Jan Warner on why she created of the ‘Resilience of the Human Spirit’ conference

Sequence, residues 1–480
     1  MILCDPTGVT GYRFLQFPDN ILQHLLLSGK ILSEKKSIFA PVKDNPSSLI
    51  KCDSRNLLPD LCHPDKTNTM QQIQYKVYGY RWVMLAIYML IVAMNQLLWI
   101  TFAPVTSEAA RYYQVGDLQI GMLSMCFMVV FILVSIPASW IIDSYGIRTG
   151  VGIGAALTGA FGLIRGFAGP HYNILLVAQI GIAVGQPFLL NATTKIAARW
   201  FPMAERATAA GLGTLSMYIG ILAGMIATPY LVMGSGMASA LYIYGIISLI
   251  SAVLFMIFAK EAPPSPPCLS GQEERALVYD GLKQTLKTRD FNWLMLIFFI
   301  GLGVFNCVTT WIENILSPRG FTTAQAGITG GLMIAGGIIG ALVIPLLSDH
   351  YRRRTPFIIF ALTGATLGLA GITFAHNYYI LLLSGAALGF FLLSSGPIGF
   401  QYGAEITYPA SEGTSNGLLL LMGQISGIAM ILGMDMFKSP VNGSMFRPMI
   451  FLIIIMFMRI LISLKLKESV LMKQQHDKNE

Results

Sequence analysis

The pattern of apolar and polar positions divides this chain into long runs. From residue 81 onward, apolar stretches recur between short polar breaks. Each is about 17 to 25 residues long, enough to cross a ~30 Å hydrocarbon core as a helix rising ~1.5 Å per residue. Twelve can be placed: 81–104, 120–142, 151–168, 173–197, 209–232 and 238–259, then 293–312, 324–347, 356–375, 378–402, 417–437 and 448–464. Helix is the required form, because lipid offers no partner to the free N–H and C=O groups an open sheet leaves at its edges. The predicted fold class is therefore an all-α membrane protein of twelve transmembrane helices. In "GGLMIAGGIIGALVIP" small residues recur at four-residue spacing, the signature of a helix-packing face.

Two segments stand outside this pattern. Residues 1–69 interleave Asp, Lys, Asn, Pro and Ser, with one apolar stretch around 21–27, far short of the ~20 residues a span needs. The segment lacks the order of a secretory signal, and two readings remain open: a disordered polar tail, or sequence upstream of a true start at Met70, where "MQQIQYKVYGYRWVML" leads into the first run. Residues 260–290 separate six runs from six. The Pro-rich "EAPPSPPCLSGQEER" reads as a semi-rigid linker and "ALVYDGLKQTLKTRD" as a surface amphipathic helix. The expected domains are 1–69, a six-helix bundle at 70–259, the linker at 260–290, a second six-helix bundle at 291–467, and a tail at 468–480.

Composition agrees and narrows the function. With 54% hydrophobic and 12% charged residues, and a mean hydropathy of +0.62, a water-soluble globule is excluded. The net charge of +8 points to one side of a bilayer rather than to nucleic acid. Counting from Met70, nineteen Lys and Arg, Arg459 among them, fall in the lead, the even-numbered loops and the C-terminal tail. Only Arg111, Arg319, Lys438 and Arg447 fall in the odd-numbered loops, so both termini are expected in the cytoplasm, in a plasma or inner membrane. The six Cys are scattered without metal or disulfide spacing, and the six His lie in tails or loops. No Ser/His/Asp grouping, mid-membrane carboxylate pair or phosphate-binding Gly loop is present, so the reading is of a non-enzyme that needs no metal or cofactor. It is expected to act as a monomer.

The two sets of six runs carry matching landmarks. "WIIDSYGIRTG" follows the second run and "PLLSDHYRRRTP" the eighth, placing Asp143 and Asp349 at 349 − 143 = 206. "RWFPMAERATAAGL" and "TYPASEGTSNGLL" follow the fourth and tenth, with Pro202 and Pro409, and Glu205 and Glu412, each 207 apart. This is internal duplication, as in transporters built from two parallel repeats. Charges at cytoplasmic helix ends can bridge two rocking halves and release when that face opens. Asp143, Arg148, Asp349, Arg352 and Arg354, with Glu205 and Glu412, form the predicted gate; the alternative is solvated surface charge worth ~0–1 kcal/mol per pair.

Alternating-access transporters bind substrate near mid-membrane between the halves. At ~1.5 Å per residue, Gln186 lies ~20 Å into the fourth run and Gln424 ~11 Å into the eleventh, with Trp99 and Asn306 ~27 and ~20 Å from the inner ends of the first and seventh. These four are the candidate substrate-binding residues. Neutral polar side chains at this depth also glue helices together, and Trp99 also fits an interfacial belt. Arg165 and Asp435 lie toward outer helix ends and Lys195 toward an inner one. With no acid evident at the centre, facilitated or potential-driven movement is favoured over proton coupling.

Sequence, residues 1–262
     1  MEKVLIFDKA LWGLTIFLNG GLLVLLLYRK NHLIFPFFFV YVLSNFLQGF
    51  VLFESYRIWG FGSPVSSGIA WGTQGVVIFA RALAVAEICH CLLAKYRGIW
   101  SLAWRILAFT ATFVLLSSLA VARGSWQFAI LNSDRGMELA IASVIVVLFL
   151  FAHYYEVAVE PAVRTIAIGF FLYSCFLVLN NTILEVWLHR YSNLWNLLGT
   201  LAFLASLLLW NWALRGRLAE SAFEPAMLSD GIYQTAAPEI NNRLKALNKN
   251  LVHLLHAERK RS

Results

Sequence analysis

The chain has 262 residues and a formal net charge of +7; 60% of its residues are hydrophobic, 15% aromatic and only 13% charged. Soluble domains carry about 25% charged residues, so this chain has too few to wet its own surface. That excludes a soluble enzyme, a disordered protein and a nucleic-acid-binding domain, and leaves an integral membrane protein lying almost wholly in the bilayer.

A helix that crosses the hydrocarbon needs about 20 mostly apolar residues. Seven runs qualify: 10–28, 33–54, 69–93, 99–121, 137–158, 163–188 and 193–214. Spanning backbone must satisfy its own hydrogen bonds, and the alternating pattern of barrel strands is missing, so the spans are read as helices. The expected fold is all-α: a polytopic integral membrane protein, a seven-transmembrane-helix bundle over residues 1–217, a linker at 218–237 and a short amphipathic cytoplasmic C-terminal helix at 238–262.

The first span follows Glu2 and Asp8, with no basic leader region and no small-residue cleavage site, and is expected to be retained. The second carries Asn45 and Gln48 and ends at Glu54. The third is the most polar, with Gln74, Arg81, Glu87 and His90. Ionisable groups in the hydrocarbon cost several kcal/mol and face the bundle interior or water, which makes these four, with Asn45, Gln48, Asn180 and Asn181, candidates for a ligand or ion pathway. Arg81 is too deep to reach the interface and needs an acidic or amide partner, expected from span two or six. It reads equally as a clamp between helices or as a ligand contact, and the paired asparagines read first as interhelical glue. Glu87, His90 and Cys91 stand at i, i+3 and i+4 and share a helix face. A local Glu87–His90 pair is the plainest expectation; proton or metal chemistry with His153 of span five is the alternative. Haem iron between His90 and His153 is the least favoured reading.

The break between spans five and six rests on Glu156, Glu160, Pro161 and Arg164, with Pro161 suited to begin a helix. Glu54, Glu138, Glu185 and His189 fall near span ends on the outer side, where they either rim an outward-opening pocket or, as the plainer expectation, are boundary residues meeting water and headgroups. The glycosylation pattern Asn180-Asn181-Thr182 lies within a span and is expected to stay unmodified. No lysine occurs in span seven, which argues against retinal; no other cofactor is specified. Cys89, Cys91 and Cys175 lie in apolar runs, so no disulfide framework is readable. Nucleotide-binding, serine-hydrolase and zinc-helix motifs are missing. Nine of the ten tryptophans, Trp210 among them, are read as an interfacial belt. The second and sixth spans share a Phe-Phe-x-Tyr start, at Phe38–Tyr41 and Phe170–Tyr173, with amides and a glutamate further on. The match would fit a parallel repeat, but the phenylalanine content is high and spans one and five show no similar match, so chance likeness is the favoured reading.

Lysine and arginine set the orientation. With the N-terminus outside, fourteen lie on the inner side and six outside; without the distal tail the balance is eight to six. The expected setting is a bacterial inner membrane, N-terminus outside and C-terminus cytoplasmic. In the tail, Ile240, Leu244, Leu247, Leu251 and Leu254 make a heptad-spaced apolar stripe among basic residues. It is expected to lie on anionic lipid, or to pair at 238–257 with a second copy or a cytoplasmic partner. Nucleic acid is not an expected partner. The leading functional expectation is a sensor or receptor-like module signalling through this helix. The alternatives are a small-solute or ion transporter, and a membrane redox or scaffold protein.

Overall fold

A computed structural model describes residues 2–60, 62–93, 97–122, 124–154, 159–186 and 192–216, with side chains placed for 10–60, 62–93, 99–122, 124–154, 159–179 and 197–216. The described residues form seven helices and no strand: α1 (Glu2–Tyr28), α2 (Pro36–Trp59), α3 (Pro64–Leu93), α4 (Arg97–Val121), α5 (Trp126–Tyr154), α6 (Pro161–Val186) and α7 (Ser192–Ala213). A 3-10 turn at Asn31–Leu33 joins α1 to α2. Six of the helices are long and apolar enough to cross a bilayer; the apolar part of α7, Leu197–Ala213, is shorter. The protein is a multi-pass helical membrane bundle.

My friends would call me resilient but I feel vulnerable and over sensitive, especially since the death of my husband. I thought we had much to learn from people who suffer the greatest atrocities yet manage not only survive but to live full, loving, creative lives. I actually googled poet Hiroshima, poet Rwanda genocide, poet Holocaust etc... What I found most astonishingly sad was that in terms of both genocide and political execution there were many choices. Do I choose some one from Vietnam or Cambodia? I left out Armenia. The beginning of the conference was a list honoring all the groups who had suffered genocide and political atrocities that were not represented. With Alison Granucci co-producing, a group of poets gathered at an inn. I wanted to treat people that the world had treated cruelly with great kindness. They arrived the night before the conference during a storm, most having been flown in first class. Before the dinner with the conference guests on their second night they could relax at the inn; read, have massages, go for a walk, whatever they chose. There were panels that had names such as Surviving the Unthinkable but they were told only one thing. Tell the truth. Whatever you have always wanted to say about your experience and felt that you could not: this is your chance. We had no idea what they would talk about. I heard that survivors of genocide often do not tell details because they are afraid the audience cannot handle it. They were told that people had come to hear their honest stories and they should not hold back anything. There were, in fact, times when member of the audience did leave but most stayed to listen. There was good food, good music, a beautiful setting and we listened to stories of resilience, survival and love. We listened to the poetry these artists had created; their pain inspiring them instead of paralyzing them. A haiku of a tree growing out bomb scarred earth. We laughed and cried together. In addition to their personal pain, panels were made up of people who might be considered enemies. A Holocaust survivor and a Palestinian. A Hiroshima survivor surrounded by Americans. Poets from Iran, Iraq and Kurdistan. In this setting they were kind to each other. The commonality of our humanity overcame our differences to make the conference a special place in time. Katja Esson graciously came to film the conference. She was inspired to make the exquisite film "Poetry of Resilience". Now my idea has not only the temporary life of a sunlit weekend where people gathered in peace and friendship but also the permanent life of a short documentary that preserves their artistry, humanity and resilience for all to see for all time. Thank you to survivors everywhere. There are so many grief warriors. I wish them all courage and a light to brighten the darkness; a way to find comfort in the happy memories to balance the pain of the cruel ones.